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Isolating chemicals

  1. Jul 2, 2007 #1
    I want to learn how to isolate chemicals from substances. For example lets say I have a pile of powder which consists of about 5 different chemicals.

    The chemical I want to isolate is highly soluble in water. Lets say one of the other chemicals isn't soluble in water but highly soluble in alcohol.

    How would I go about getting rid of the alcohol soluble chemical? Could I just mix the powder alcohol, shake it up in a sep funnel and drain? Would I be better off adding water to the powder and siphoning off the solution but leaving behind the insoluble powder? Would that get rid of any chemicals that werent soluble in water?

    What happens if there are other unwanted chemicals that are soluble in water? Would I just have to find solvents that some of the chems are soluble in and others aren't?
  2. jcsd
  3. Jul 2, 2007 #2


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    Ideally you would want to find a solvent system that dissolves them both since undissolved solids stabilize emulsions and can plug up separatory funnels. After you find the appropriate system (test with small amounts of solvent and unknown solid mixture), you then change the properties of the solvent system, slowly, to precipitate one preferentially. This can be accomplished in your example in many ways. One way would be to dissolve the powder in a hot alcohol/water mixture just sufficient to completely dissolve both substances. Slow cooling will preferentially precipitate the least soluble one. Removal of the alcohol by slow evaporation will produce a second crop of alcohol soluble material. The remaining water will contain most of the water-soluble compound. In complicated examples where the solubilities of many different compounds vary greatly, sometimes it is best to wash the solids in hot solvent and filter. The solvent must be chosen to preferentially remove one or perhaps two of the compounds in the mixture. These new mixtures (fractions) may then be purified by selective recrystallization or extraction.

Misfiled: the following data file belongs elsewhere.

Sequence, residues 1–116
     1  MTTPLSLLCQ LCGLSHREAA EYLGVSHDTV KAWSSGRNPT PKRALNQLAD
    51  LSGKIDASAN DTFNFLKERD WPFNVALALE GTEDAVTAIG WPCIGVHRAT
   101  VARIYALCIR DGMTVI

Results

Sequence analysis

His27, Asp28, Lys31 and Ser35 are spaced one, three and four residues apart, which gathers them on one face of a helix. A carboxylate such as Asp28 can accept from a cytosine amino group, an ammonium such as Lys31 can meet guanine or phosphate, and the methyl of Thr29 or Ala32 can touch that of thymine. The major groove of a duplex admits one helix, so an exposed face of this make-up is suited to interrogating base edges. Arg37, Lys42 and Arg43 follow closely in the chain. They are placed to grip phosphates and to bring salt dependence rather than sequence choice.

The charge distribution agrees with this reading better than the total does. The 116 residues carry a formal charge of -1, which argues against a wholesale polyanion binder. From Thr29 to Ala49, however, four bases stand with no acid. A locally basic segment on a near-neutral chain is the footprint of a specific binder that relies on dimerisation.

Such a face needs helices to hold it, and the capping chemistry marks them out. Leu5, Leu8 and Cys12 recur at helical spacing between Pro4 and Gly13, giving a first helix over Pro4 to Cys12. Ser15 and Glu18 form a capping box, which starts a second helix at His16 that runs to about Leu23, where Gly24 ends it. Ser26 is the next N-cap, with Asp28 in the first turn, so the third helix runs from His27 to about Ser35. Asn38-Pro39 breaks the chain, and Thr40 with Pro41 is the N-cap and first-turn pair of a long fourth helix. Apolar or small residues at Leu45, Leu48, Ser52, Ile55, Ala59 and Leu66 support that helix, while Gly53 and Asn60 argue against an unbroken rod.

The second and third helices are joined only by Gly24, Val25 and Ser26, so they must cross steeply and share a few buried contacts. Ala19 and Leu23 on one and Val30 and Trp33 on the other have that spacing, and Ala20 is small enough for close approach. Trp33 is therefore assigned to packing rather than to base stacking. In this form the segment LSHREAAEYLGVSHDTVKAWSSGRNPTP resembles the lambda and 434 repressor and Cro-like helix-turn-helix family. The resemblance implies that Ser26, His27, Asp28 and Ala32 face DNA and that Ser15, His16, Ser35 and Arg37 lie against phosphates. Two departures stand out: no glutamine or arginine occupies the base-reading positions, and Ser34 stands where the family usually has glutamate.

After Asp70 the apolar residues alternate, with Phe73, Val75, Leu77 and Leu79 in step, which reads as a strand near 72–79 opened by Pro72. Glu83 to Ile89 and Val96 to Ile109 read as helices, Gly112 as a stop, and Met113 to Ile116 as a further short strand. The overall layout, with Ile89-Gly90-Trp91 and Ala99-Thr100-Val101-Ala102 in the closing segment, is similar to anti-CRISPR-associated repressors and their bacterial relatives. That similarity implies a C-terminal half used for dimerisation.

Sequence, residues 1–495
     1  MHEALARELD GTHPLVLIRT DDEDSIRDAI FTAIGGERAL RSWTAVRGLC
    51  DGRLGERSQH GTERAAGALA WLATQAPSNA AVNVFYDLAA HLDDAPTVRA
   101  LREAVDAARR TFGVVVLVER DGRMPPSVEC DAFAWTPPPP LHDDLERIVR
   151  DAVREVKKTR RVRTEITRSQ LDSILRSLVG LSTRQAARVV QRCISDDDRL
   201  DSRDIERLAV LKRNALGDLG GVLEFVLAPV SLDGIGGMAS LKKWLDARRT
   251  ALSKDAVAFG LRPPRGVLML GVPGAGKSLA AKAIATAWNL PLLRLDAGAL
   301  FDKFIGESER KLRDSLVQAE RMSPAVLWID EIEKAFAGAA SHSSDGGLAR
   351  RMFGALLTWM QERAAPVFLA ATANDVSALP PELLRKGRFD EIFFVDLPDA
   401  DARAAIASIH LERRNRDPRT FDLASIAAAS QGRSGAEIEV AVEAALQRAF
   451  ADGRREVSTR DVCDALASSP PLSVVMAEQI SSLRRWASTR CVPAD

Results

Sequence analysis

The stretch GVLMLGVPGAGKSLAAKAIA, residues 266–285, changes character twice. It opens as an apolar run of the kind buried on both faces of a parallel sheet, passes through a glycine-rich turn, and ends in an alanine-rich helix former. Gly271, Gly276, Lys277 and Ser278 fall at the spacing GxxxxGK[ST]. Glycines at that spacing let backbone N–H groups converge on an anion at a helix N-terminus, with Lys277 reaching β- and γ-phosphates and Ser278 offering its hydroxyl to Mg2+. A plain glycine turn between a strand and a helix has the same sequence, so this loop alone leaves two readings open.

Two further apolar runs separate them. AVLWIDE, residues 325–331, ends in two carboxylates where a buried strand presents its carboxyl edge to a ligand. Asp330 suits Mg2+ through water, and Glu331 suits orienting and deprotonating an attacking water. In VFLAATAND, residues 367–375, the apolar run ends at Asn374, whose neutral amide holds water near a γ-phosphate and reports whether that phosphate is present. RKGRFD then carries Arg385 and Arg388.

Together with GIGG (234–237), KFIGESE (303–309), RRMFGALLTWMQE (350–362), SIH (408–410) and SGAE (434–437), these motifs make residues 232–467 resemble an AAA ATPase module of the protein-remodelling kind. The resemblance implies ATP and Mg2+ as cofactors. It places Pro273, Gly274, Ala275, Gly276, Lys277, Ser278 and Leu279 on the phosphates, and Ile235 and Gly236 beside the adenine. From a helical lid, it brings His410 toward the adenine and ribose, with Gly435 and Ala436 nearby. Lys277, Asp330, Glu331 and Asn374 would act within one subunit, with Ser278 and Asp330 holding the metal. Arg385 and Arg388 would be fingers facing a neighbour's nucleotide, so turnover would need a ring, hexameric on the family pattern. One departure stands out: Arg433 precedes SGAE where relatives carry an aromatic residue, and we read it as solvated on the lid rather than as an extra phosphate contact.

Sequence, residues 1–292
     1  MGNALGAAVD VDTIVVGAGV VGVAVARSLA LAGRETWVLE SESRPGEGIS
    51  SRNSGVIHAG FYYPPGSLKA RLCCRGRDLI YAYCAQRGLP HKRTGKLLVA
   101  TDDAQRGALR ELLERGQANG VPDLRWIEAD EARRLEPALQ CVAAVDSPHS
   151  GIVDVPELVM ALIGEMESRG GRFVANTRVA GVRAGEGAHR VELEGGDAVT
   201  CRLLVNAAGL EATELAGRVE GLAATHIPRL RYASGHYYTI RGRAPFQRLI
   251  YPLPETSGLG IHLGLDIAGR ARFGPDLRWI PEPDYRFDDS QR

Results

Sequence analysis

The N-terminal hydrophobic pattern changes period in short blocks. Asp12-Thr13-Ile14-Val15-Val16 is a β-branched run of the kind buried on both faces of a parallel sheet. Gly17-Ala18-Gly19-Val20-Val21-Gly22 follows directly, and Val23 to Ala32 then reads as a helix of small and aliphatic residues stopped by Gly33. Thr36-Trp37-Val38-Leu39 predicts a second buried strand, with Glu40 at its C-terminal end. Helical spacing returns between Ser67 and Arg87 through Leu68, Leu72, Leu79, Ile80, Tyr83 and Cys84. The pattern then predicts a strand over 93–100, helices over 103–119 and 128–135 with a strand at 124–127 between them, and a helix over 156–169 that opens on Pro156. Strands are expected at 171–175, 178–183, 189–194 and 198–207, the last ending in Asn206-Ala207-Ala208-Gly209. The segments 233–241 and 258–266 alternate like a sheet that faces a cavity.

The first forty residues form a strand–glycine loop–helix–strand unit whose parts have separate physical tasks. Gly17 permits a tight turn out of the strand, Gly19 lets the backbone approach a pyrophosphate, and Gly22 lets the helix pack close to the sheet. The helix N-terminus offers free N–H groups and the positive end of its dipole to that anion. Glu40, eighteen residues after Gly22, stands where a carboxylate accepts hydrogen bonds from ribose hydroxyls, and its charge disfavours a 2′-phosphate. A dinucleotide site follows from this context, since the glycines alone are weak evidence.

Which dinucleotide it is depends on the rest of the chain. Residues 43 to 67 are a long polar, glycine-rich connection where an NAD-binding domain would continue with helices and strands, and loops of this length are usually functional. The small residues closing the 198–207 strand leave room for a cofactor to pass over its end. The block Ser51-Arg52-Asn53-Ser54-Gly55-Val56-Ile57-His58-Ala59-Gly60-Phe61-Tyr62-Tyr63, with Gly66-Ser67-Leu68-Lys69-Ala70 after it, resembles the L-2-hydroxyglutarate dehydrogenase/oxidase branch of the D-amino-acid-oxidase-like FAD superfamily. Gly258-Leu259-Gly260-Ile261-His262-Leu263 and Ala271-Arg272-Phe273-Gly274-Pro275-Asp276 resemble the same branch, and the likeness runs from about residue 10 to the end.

It would be helpful to know something about the chemical nature of the mixture. In the Organic Chemistry lab course, we used to mix benzaldehyde, benzoic acid and carbon black and have the students separate each into fractions and then purify each fraction. Benzoic acid and benzaldehyde are difficult to separate by recrystallization but can be easily purified by dissolving both in methylene chloride, filtering to remove the carbon and finally extracting out the carboxylic acid with cold 5% NaOH solution. The NaOH solution deprotonates the carboxylic acid and results in a salt that is water soluble. The resulting aqueous solution is separated and acidified to regenerate the benzoic acid and is then filtered and recrystallized. Amines must be acidified to render them water soluble and then treated with base to render them organic-soluble.

    These methods almost never result in absolutely pure substances after the first recrystallization or extraction. They do result in materials of increasing purity and often three or more recrystallizations/extractions are required to purify them to >99%. In the lab, the purity of materials is monitored by several techniques, the simplest of which are thin layer chromatography (TLC) and melting point. Materials are purified to constant melting point and/or the TLC shows only one compound. This usually results in purities of >98%. Greater degrees of purity (say, 99.999%) sometimes require the use of sophisticated instrumentation such as Gas Chromatography/Mass Spectrometry to confirm purity and may require exotic purification techniques such as preparative-scale chromatography in addition to recrystallization.
  4. Jul 9, 2007 #3
    use pure or denatured 200 proof alcohol with no water in it to wash away the alcohol soluble chemical
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